Fiction

Wistful thinking: Mr Wilder & Me, by Jonathan Coe, reviewed

31 October 2020 9:00 am

Mr Wilder & Me is not in any way a state- of-the-nation novel — and thank goodness. Brilliant as Jonathan…

Kicking up a stink: Dead Fingers Talk, by William S. Burroughs, reviewed

31 October 2020 9:00 am

William Burroughs was introduced to a British readership in November 1963, and the welcome he received was ‘UGH…’ The headline…

Cyber apocalypse: The Silence, by Don DeLillo, reviewed

24 October 2020 9:00 am

Elaborated over a writing career that spans half a century — a career crowned with every honour save the Nobel…

Looking for love: Ghosts, by Dolly Alderton

24 October 2020 9:00 am

Of all the successful modern female writers documenting their search for love, none has been as endearing as Dolly Alderton.…

A Jack Reacher travesty: The Sentinel, by Lee Child and Andrew Child, reviewed

24 October 2020 9:00 am

So upsetting it would have been, for those of us who rate Lee Child’s Jack Reacher thrillers so highly, if…

Euthanasia sitcom: What Are You Going Through, by Sigrid Nunez, reviewed

17 October 2020 9:00 am

What Are You Going Through is both brilliant and mercifully brief. Weighing in at 200-odd pages, it can be read…

Lacrimae rerum: That Old Country Music, by Kevin Barry, reviewed

17 October 2020 9:00 am

Some of my happiest fiction-reading hours have been spent in the company of Kevin Barry: two short-story collections, both prize-winners,…

Dublin double act: Love, by Roddy Doyle, reviewed

17 October 2020 9:00 am

Far be it from me to utter a word against the patron saint of Dublin pubs, Roddy Doyle. Granted he’s…

Appearances are deceptive: Trio, by William Boyd, reviewed

10 October 2020 9:00 am

Talbot Kydd, film producer; Anny Viklund, American actress; Elfrida Wing, novelist; these make the trio of the title. Private lives…

Breakdown in Berlin: Red Pill, by Hari Kunzru, reviewed

10 October 2020 9:00 am

‘I was what they call an “independent scholar”’, confides the narrator of Hari Kunzru’s Red Pill, a middle-aged writer from…

Hitler’s devastating secret weapon: V2, by Robert Harris, reviewed

10 October 2020 9:00 am

After Stalingrad, Hitler desperately needed an encouraging novelty. Wernher von Braun, Germany’s leading rocketeer in the second world war, expertly…

Opposites attract: Just Like You, by Nick Hornby, reviewed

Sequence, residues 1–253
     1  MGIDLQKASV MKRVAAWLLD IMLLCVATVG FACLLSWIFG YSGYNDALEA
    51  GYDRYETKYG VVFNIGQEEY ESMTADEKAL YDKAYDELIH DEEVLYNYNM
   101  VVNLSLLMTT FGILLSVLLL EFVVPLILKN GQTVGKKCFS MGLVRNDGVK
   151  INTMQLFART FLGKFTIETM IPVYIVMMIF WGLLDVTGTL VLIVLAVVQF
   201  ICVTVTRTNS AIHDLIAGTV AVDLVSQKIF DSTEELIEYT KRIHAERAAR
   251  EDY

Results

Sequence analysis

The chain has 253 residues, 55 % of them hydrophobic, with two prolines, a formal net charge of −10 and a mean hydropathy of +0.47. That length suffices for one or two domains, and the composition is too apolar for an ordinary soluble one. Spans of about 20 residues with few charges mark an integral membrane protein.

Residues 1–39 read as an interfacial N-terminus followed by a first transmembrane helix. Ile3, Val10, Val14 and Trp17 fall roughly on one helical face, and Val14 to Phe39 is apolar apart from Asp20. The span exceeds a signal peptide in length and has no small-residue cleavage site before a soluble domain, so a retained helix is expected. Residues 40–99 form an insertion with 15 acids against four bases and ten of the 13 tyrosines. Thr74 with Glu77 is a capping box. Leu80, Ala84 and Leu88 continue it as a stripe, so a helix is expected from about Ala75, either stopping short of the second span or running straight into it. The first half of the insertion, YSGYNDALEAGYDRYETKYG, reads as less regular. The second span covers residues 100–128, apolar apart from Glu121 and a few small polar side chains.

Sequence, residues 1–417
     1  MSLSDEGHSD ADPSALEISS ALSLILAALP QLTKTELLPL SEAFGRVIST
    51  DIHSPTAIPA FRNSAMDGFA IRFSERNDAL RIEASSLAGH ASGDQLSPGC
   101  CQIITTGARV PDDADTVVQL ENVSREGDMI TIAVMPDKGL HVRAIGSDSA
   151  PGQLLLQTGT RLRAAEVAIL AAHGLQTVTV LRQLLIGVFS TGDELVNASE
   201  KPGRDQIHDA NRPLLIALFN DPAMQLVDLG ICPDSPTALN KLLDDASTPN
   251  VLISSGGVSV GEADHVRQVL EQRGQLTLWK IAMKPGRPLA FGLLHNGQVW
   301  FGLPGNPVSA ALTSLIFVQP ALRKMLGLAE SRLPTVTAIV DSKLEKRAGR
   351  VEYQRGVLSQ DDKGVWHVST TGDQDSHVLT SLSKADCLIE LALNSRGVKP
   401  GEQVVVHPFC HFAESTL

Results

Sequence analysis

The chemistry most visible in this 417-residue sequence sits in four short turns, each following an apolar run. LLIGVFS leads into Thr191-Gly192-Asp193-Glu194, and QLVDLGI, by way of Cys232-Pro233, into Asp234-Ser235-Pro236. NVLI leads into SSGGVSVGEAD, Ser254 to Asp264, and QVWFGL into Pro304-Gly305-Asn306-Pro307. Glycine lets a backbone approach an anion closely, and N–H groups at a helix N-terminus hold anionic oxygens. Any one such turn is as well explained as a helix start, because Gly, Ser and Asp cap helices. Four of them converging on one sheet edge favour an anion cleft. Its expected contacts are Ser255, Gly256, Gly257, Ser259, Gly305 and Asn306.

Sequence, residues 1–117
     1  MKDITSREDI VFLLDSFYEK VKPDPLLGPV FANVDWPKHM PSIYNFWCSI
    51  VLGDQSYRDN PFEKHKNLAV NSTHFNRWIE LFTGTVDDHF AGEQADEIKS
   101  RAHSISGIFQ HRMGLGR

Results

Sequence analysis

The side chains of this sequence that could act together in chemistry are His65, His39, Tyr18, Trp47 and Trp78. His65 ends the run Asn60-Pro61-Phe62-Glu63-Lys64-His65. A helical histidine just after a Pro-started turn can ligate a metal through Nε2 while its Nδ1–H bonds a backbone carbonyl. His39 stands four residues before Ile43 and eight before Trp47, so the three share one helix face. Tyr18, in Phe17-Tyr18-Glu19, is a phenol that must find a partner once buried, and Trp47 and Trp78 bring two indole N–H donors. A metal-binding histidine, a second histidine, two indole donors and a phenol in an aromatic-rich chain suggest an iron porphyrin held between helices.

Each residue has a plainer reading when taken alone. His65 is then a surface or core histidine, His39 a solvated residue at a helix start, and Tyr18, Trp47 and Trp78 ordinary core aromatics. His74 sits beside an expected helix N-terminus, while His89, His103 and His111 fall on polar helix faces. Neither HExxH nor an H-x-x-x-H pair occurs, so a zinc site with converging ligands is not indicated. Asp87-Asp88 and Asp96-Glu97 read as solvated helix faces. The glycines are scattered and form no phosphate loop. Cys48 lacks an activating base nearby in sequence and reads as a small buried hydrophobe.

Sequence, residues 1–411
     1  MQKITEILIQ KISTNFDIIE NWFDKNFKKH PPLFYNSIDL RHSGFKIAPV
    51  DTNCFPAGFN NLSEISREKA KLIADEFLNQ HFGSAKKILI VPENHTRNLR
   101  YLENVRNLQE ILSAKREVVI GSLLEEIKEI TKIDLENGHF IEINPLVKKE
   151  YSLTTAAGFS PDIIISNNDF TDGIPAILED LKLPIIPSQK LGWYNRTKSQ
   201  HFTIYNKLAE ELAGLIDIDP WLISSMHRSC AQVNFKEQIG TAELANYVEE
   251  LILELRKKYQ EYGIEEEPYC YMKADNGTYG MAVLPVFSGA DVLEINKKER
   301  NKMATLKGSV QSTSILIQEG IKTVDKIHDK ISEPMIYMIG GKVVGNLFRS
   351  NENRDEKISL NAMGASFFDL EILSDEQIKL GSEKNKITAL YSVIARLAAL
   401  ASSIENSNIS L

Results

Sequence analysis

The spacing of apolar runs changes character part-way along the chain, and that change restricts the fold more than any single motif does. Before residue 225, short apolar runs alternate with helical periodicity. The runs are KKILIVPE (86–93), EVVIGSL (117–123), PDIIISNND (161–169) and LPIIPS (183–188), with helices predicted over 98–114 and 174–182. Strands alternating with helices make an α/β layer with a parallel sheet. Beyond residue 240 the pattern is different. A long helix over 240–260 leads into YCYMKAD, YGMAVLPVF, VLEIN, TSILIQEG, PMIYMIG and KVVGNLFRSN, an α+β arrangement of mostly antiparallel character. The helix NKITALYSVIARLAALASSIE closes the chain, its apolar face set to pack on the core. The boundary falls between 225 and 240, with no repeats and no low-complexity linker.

3 October 2020 9:00 am

Babysitters are having a literary moment. Following Kiley Reid’s debut Such a Fun Age, Nick Hornby is the latest author…

A melting pot of mercenaries: Afterlives, by Abdulrazak Gurnah, reviewed

3 October 2020 9:00 am

‘That was how that part of the world was at the time. Every bit of it belonged to Europeans, at…

Full of desperate longing: Unquiet, by Linn Ullmann, reviewed

3 October 2020 9:00 am

The scrawny little girl with ‘pipe-cleaner legs’ wants to feel at home with her parents. But father and mother live…

Tenderness and sorrow: Inside Story, by Martin Amis, reviewed

26 September 2020 9:00 am

Inside Story is called, on the front cover, which boasts a very charming photograph of the author and Christopher Hitchens,…

A dazzling fable about loneliness: Piranesi, by Susanna Clarke, reviewed

19 September 2020 9:00 am

Susanna Clarke is a member of the elite group of authors who don’t write enough. In 2004, the bestselling debut…

Family secrets: Love Orange, by Natasha Randall, reviewed

19 September 2020 9:00 am

The line between obsession and addiction is as thin as rolling paper. Neither are simple and both stem from absence,…

Gay abandon: Islands of Mercy, by Rose Tremain, reviewed

12 September 2020 9:00 am

Rose Tremain has followed her masterly The Gustav Sonata with an altogether different novel. In 1865, Clorinda Morrissey, a 38-year-old…

Primal longing: Blue Ticket, by Sophie Macintosh, reviewed

12 September 2020 9:00 am

Sophie Macintosh’s Blue Ticket is not classic feminist dystopia. Yes, it is concerned with legislated fertility, a world where women’s…

Forlorn Plorn: The Dickens Boy, by Thomas Keneally, reviewed

5 September 2020 9:00 am

Parents are always terrified of bad family history repeating itself. Prince Albert dreaded his son Bertie turning into a roué…

Portrait of a paranoiac: Death in Her Hands, by Ottessa Moshfegh, reviewed

5 September 2020 9:00 am

Like Ottessa Moshfegh’s first novel Eileen (2015), Death in Her Hands plays with the conventions of noir. Vesta Gul, a…

My dazzling chum: Mayflies, by Andrew O’Hagan, reviewed

29 August 2020 9:00 am

Presumably because a small part of it takes place in Salford, the epigraph to Andrew O’Hagan’s latest novel consists of…

A story without redemption: The Lying Life of Adults, by Elena Ferrante, reviewed

29 August 2020 9:00 am

‘I don’t at all hate lies,’ Elena Ferrante explained in Frantumaglia, her manifesto for authorial anonymity. ‘I find them useful…

Bombs over London: V for Victory, by Lissa Evans, reviewed

22 August 2020 9:00 am

Lissa Evans has been single-handedly rescuing the Hampstead novel from its reputation of being preoccupied by pretension and middle-class morality.…

A rainy day in the Highlands: Summerwater, by Sarah Moss, reviewed

22 August 2020 9:00 am

There is an old Yorkshire tale about a prosperous town which, legend has it, once stood on the site of…